Feingold diet– Dr. Feingold maintained that children’s hyperactive behaviors could be controlled by removing two groups of foods from their diets: natural salicylates, artificial food coloring and flavoring. his diet also required the elimination of the food preservatives BHA and BHT, along with the flavor enhancer MSG. Salicylates are acidic substances found in a number of fruits and vegetables including apples, oranges, cucumbers, tomatoes, strawberries, and pickles. Food additives are found in most foods children like to eat, such as cereals, manufactured cakes, doughnuts, cookies, ice cream, puddings, candy, soft drinks, and over-the-counter drugs like aspirin, cough drops, even toothpaste. Ice cream, for example, can contain the same chemicals used in antifreeze and paint remover (egg substitute), killing lice (vanilla), and flammable fluids found in dyes, plastics and rubber (cherry flavour).
As you may have already guessed this diet does not go over big with children or parents. Reports have shown that approximately 80 per cent of the foods in supermarkets contain additives, 2,500 chemicals are used for flavoring, nutritional supplementation, and coloring, plus another 3,000 chemicals are used in preservatives. Keeping to the diet usually demands a complete restructuring of the family’s grocery list, as well as some drastic changes as to what appears on the dinner table every night.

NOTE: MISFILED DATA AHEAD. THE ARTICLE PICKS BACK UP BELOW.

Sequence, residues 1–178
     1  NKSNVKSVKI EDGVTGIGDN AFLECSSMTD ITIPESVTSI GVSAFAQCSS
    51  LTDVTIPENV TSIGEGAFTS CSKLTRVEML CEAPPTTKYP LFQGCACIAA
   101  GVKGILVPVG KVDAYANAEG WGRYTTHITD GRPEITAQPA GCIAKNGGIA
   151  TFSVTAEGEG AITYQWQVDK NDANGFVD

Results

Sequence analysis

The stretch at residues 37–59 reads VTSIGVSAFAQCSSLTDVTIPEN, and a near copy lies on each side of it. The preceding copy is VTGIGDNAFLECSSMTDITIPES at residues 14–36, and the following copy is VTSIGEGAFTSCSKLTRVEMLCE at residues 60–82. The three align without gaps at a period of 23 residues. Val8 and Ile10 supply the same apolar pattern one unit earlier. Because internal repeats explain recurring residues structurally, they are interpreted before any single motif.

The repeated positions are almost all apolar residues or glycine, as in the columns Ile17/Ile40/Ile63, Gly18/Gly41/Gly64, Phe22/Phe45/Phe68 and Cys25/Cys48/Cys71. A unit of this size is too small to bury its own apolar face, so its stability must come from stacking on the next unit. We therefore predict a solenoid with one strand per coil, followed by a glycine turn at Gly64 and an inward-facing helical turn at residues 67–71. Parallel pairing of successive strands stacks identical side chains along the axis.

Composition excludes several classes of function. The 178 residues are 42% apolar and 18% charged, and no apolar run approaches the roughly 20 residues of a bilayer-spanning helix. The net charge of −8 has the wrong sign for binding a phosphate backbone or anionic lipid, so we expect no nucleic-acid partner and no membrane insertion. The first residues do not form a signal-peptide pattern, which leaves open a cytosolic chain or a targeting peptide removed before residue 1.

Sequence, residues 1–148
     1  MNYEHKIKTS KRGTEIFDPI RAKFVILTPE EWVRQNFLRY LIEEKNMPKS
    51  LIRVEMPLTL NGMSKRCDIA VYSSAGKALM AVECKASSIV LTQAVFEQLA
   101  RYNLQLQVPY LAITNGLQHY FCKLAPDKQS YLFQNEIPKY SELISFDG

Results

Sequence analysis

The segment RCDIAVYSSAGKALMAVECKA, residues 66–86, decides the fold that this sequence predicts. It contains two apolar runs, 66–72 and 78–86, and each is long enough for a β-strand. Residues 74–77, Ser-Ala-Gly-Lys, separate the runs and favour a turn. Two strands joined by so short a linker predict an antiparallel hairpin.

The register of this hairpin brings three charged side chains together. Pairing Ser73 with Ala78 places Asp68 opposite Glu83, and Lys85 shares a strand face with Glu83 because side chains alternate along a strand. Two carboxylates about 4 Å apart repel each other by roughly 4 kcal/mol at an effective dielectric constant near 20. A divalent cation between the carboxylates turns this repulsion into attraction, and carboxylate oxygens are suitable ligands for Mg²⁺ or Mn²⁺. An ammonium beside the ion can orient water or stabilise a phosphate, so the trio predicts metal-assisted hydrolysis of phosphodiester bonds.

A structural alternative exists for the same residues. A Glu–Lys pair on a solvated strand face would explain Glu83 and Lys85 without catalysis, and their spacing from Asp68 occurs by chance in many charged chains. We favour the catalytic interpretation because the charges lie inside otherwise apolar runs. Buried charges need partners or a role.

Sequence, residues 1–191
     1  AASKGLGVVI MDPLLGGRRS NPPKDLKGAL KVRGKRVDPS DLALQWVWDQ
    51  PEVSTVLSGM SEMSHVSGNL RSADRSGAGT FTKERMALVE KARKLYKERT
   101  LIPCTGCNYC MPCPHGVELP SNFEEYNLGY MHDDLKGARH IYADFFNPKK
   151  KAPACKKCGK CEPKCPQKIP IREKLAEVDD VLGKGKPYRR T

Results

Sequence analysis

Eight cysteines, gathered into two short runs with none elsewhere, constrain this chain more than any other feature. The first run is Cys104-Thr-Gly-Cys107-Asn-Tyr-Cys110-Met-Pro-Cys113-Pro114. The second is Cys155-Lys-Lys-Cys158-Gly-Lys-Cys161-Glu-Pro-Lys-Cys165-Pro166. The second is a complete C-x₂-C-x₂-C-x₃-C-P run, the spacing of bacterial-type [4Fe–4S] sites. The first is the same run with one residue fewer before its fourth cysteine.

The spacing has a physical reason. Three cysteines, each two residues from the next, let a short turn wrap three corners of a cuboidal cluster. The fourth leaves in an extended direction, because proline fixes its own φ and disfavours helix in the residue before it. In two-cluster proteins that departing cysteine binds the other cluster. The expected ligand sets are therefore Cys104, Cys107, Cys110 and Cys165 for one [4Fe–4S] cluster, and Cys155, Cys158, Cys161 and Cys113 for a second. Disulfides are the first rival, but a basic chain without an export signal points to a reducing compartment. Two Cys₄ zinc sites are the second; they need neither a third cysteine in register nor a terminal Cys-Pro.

Dr. Feingold also recommended strongly for the whole family to go on the diet, since it wasn’t fair for the child to be eating special food, while everyone else gets regular food. As well, he advised that children and families follow the diet religiously–no cheating.
After a month or so, the foods from the salicylate group could be brought back one-at-a-time into children’s diets, as long as children did not show a reaction to them. Improvement in children’s behavior was expected after one to three weeks, but could take as long as seven weeks.
If you’d like more information on Dr. Feingold’s diet, read his book Why Your Child is Hyperactive, 1975. If you want an evaluation of the diet based on controlled research findings, read Food Additives and Hyperactive Children, by C. Keith Conners, 1980.